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Realistic Aim for U.S.: Halt Shipping War

June 18, 1987|CHARLES H. WILBANKS and HOSSEIN ASKARI | Charles H. Wilbanks is a free-lance writer specializing in international affairs; Hossein Askari is a professor of international finance at George Washington University and a lecturer on the Middle East at the State Department's Foreign Service Institute

In the aftermath of the Iraqi attack on the United States frigate Stark, and with no other major act of belligerence seeming to spur such an about-face, the Reagan Administration has declared that Iran, not Iraq, is the major threat to shipping in the Persian Gulf.

With the policy to re-flag and escort Kuwaiti tankers, the Administration abandons all its previous wisdom about Iran's geo-strategic importance--the rationale used to defend earlier weapons sales--and now takes a full leap into a policy that in effect pits the United States against Iran. Equally striking is the unnecessary show of force. The threat to shipping, although real, is not as dire as the Adminstration paints it, and should be met with diplomatic rather than military tactics.

Since the shipping war escalated in 1984, there has not been a significant drop in supply or an increase in price for Middle Eastern oil because of shipping attacks. Indeed, less than 1% of tankers operating in the gulf have been damaged. More important, there has been and continues to be an international glut in the oil market and in the oil-tanker market as well. During the course of the entire war Iraq has been the more effective at disrupting shipping in the gulf, attacking 219 ships compared with 95 for Iran. This history is underscored by insurance premiums for ships traveling to the area. Premiums for ships calling at Kuwait, targets of Iranian attacks, have indeed risen in the last year, to as much as 0.375% of a ship's insured value. But these increases pale in comparison with the rates for ships calling at Kharg Island, the Iranian oil terminal, which are now as high as 15% of a ship's value. This has forced the Iranians to operate their own tanker shuttle service, as well as to offer their own insurance program.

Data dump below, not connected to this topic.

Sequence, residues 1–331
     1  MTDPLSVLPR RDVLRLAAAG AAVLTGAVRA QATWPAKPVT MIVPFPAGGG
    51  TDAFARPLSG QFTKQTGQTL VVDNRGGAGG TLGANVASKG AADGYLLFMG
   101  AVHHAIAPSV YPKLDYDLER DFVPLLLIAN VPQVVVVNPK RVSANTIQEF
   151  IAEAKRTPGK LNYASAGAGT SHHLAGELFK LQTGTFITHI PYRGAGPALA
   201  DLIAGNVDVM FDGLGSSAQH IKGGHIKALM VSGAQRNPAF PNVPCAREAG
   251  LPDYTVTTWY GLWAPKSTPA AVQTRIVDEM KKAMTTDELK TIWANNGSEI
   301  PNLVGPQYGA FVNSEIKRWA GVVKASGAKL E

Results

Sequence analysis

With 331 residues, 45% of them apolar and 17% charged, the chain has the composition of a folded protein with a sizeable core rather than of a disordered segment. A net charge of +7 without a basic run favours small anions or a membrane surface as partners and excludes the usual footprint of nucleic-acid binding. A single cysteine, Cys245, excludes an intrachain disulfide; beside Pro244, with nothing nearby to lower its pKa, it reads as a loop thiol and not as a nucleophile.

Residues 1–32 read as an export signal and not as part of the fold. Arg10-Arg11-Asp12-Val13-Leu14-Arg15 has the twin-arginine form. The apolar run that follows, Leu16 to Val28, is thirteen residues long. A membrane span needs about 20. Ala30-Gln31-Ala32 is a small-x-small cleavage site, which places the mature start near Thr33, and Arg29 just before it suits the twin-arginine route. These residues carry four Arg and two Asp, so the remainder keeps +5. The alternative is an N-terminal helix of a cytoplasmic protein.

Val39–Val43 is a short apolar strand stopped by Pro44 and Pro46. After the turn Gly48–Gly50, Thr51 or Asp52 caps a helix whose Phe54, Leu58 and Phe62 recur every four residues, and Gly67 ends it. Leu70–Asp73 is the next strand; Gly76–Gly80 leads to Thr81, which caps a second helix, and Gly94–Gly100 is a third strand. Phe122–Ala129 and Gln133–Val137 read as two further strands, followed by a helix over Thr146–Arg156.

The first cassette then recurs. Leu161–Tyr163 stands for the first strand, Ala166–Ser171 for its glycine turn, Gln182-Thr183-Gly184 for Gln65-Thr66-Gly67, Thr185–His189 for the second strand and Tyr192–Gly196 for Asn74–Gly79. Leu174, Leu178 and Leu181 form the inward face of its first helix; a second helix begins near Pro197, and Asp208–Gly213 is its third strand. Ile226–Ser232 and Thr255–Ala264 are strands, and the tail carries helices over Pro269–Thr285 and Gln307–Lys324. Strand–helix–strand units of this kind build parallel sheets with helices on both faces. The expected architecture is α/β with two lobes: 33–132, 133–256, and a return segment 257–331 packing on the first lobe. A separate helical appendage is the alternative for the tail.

Although the Iranians have armed themselves to attack ships as never before, they have said repeatedly that they would agree to halt the gulf shipping war if Iraq would reciprocate. The Iranians have made many claims, some of them ludicrous, but there is good reason to believe that this is one on which they would follow through: Their total reliance on gulf shipping almost guarantees it. While the Iranians have maintained this position since the beginning of the war, the Iraqis have refused such overtures; their own outlets to the gulf were closed down early in the war, and they are able to maintain a substantial oil flow via pipelines. The economic hardships of the tanker war help keep Iran at bay, and the potential for the internationalization of the conflict is heightened--a possibility that Iraq, and Kuwait, would welcome. Given that Iraq is unlikely to win the war, a positive conclusion for the Iraqis might be provided by the entrance of the super-powers. But the United States should not be so easily drawn in.

To the extent that the Administration can exert influence on the Iraqis directly (especially in the aftermath of the Stark incident) and indirectly (through their Arab supporters), the United States should attempt to propel them and Iran toward a cessation of the war on shipping. Even though the Administration's credibility with moderate Arabs is further strained by the Saudi missile-sale blunder, we should nevertheless press for this intermediate solution in the interests of everyone in the region.

The United States should be pressing the U.N. Security Council to call for a cease-fire in the shipping war. Instead, it proposes a cease-fire in the entire conflict, knowing this to be a position that Iran would reject. In that case the Reagan Administration intends to press for an arms embargo against the belligerents--a policy that would be impossible to realize in a world in which each country pursues its own economic interests.

Concentrating on solving the shipping war would serve the interests of the United States, our allies and the nations of the Persian Gulf area. It would be a policy that would promote the freedom of navigation, the Administration's espoused concern, more comprehensively than would steaming around in the gulf protecting only the ships of Kuwait. It would prevent the possible spread of the conflict, lessen the potential need for American retaliation and preclude any Soviet role as a protector. Indeed, the moderate Arab states would welcome a steady, unobtrusive and well-reasoned U.S. policy that is supportive of their needs, as opposed to knee-jerk reactions involving a high-profile military presence. Finally, it would be a policy that would not further alienate Iran from the United States--a policy that the Reagan Administration considered so important just a short time ago.

DR, SKAUGE, Klassekampen, Oslo

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